It seems death claimed another one, and as much as I would like death to be defeated, it’s still a reality for all of us. Year by year we lose our loved ones to it, and it seems it will never end. It’s a battle that we keep on losing day by day. We see death’s early claims on us in the wrinkles on our faces, we see it in our hair getting grayer every day, we see it in pain in our joints and sickness in our bodies. It seems like we are powerless to do anything about it. We slowly give up hope and the will to fight. Every funeral and tombstone is a constant reminder of the battles we have lost. The cruelty of death is its perceived finality, and when time runs out, it does not care whom we are, or what unfinished business we have left behind. Death is merciless, regardless of our objection and protest.
People have died before, but why is this separation so hard? What is it in us that rebels against death and considers it unjust? Where do we get this sense that death is unjust and unnatural? Because to revolt against an injustice, one must first know what justice is. Hence to revolt against death is to have a sense that death is some injustice against the way things ought to be. This longing is in all of us; we crave the day where all oppression and injustice will cease. We want death defeated. We want the death of death.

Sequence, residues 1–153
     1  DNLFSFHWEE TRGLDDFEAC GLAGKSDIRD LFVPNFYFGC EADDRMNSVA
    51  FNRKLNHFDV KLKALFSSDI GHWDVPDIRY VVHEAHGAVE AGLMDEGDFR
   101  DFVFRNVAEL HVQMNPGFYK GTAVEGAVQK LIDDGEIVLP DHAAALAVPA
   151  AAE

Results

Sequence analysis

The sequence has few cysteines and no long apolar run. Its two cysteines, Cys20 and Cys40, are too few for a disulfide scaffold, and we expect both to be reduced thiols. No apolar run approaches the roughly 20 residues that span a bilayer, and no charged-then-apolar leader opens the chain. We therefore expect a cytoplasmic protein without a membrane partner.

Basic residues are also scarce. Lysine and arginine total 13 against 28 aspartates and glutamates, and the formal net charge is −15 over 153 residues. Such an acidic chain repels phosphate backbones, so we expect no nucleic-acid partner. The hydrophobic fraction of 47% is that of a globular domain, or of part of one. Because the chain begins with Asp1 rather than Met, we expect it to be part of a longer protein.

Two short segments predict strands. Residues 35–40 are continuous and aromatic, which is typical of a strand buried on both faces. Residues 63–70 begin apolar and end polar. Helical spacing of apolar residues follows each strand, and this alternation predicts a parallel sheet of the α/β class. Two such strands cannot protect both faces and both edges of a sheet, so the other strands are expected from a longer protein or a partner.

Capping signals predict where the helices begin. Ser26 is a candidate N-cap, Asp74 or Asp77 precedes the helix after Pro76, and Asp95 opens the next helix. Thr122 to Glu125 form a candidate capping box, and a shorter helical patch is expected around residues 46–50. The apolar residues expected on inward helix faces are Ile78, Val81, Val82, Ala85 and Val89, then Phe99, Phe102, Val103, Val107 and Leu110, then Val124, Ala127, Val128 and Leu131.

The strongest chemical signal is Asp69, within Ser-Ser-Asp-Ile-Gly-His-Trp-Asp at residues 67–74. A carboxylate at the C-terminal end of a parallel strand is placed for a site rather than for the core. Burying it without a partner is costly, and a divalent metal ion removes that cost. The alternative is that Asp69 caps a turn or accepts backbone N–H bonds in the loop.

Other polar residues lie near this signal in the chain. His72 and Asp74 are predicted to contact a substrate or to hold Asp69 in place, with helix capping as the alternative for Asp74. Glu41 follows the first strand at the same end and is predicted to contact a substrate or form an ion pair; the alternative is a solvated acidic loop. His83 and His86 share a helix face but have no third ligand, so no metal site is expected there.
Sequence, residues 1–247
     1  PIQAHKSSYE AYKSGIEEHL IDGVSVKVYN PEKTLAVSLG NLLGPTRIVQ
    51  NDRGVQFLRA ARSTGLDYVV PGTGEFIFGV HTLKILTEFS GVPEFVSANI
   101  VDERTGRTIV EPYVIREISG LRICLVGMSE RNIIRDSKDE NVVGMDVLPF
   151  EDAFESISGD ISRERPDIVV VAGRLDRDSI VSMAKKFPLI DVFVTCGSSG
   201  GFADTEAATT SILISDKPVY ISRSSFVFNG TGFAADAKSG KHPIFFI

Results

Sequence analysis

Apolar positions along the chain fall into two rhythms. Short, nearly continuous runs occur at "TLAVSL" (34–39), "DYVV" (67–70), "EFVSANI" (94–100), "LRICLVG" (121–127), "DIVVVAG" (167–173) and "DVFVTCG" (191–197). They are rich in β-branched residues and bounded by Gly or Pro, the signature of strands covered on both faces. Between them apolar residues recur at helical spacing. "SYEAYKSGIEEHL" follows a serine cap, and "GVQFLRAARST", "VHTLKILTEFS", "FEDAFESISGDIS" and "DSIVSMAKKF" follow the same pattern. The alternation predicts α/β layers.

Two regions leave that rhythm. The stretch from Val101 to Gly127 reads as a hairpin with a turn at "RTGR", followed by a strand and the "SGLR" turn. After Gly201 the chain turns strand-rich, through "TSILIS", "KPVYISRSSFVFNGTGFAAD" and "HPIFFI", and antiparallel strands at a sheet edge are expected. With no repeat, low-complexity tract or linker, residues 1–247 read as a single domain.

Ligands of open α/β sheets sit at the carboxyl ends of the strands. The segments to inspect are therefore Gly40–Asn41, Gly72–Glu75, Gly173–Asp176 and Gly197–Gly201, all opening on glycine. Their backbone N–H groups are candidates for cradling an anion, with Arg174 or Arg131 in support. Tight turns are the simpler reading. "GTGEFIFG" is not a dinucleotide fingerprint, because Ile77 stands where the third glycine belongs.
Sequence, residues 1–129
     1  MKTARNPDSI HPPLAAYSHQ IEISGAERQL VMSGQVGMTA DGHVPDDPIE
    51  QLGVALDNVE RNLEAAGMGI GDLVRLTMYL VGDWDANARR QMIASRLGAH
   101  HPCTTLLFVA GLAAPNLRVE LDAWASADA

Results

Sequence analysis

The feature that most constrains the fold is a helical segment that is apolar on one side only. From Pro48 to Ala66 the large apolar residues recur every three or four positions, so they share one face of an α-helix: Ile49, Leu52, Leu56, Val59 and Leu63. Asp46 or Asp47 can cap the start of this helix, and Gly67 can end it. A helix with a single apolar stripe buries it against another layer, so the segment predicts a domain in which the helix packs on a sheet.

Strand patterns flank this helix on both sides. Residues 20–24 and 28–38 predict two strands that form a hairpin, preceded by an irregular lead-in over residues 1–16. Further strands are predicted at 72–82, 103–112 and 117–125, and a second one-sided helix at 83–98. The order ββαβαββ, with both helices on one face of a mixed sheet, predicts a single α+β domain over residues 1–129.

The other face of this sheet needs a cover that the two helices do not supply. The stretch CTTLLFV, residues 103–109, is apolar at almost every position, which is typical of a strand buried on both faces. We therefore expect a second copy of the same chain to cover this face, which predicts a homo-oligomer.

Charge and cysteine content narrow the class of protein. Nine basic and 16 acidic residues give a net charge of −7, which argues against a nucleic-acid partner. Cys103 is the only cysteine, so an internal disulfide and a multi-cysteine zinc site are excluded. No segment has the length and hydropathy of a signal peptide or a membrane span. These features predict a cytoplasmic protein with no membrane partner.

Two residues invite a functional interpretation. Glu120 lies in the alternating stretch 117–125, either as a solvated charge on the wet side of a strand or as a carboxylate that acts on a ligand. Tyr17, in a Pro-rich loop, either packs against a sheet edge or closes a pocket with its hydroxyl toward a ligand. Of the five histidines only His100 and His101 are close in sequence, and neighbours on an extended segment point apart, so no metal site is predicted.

To see the demise of death is something we strive for. This hope is seen in stories and films where goodness fights against evil and the battle is always between life and death. We secretly cheer the underdog to overcome the power of fear, evil, and death. We want justice for the injustice, and we want freedom for the ones who are in bondage. We want the death of death. We want life to prevail.
But is this hope grounded in truth? Can we do away with death? The famous poet John Donne says yes. In his famous poem, “Death be not Proud.” Donne chastises death for being proud of its accomplishments. He reminds death that it too is temporary, and it too shall die. Donne is no stranger to death; he lost so many of his close loved ones to its battles, but he is also a firm believer in the resurrection of Jesus Christ. Jesus is almighty God who became a man like all of us. He too died like many other men. When death proclaimed its greatest victory over him; this time was different. Unlike all history, this God/Man broke death’s chains and set himself free; and with that, Jesus made the death of death a certainty.
We might have lost some battles, but Christ has won the war. If we die with Him, then with Him we will also rise, and death in turn itself will die. When death dies, it will taste its poison and lose its grip on us. It will raise its white flag and surrender to the source of life. In a split second it will be done away with, like a bad memory, and a horrible nightmare; with all of its vices and prison cells, all gone with the wind, to the fire of hell.